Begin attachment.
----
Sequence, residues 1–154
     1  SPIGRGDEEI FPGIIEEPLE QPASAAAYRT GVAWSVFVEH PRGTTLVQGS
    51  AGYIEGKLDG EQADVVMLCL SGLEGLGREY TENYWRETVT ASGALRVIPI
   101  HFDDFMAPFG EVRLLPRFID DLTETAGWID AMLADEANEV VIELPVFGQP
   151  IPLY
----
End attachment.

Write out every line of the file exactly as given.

Sequence, residues 1–154
     1  SPIGRGDEEI FPGIIEEPLE QPASAAAYRT GVAWSVFVEH PRGTTLVQGS
    51  AGYIEGKLDG EQADVVMLCL SGLEGLGREY TENYWRETVT ASGALRVIPI
   101  HFDDFMAPFG EVRLLPRFID DLTETAGWID AMLADEANEV VIELPVFGQP
   151  IPLY